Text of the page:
Crosby, Stills, Nash & Young exerted a magnetic pull on American culture during their brief spurts of collaborative creativity in the late 1960s and early 1970s, defining the sound of the folk-rock golden age and encapsulating the ideologies of the radical era with their sagely songwriting. Of course, magnets repel as well as they attract, and CSNY’s legacy is marked as much by interpersonal dissonance as it is by angelic harmony.

But while bad blood may have defined CSNY storylines in recent decades, the members of the star-crossed supergroup look back on the subtle alchemy of their communion with brotherly fondness. Following the death of David Crosby earlier this weekStephen StillsGraham Nash, and Neil Young have all issued heartfelt eulogies for their longtime collaborator.

As Stills reflected in a post on his Facebook page, “I read a quote about composer Gustave Mahler’s performance of Mahler’s 9th symphony by the San Francisco Orchestra from music critic Mark Swed that stopped me for a moment: ‘Death has, on placid cat’s paws, entered the room.’ I shoulda known something was up. David and I butted heads a lot over time, but they were mostly glancing blows, yet still left us numb skulls.. I was happy to be at peace with him.”

“He was without question a giant of a musician,” Stills continued, “and his harmonic sensibilities were nothing short of genius. The glue that held us together as our vocals soared, like Icarus, towards the sun. I am deeply saddened at his passing and shall miss him beyond measure.”

[Photo via Stephen Stills – David Crosby (left) and Stephen Stills (right)]

While Neil Young and David Crosby made headlines with a notable series of personal issues in recent years, Young had nothing but reverent words for him in a eulogy post on his Neil Young Archives site. “David is gone, but his music lives on,” Young wrote. “The soul of CSNY, David’s voice and energy were at the heart of our band. His great songs stood for what we believed in and it was always fun and exciting when we got to play together. Almost Cut My Hair [sic] Dejavu [sic], and so many other great songs he wrote were wonderful to jam on and Stills and I had a blast as he kept us going on and on.”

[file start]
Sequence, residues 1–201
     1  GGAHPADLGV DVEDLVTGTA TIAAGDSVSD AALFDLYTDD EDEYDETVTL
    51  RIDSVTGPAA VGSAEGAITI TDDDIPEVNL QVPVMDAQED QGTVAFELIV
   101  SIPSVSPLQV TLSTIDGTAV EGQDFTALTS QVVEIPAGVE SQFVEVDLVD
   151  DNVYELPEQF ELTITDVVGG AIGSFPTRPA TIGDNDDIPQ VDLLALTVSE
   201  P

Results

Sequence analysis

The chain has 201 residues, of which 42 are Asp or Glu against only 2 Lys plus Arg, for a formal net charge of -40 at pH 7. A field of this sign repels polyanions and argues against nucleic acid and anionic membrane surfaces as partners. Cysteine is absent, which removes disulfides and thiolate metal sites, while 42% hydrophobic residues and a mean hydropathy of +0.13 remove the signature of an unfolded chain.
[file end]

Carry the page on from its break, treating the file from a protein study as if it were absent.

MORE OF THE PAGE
“We had great times, especially in the early years,” he continued. “Crosby was a very supportive friend in my early life, as we bit off big pieces of our experience together. David was the catalyst of many things. My heart goes out to Jan and Django, his wife and son. Lots of love to you. Thanks David for your spirit and songs, Love you man. I remember the best times!”

Related: Watch Crosby, Stills & Nash Perform “Teach Your Children” On ‘Letterman’ In 2000 [Video]

Young also made specific mention of Crosby’s symbiotic creative relationship with Graham Nash, calling their duo segments during CSNY performances “a highlight of so many of our shows.” Graham himself looked back on those duets in a remembrance posted to his Facebook page.

“Grateful to have sung with him, played with him, butted heads with him, and for going through so much together,” Nash wrote. “David was as complicated as the intricate melodies he crafted. You can hear bits of a very deep soul echoing through his playing and the lyrics he composed. It’s his beautiful music that will live forever in all of our hearts. I’m just lucky to have known him.” Along with the note, Nash shared a live video of him and Crosby performing Crosby’s “Guinnevere” as a duet. Watch the video below.

Graham Nash & David Crosby – “Guinnevere” (Live) (David Crosby)

Rest easy, Croz. Thank you for the lessons.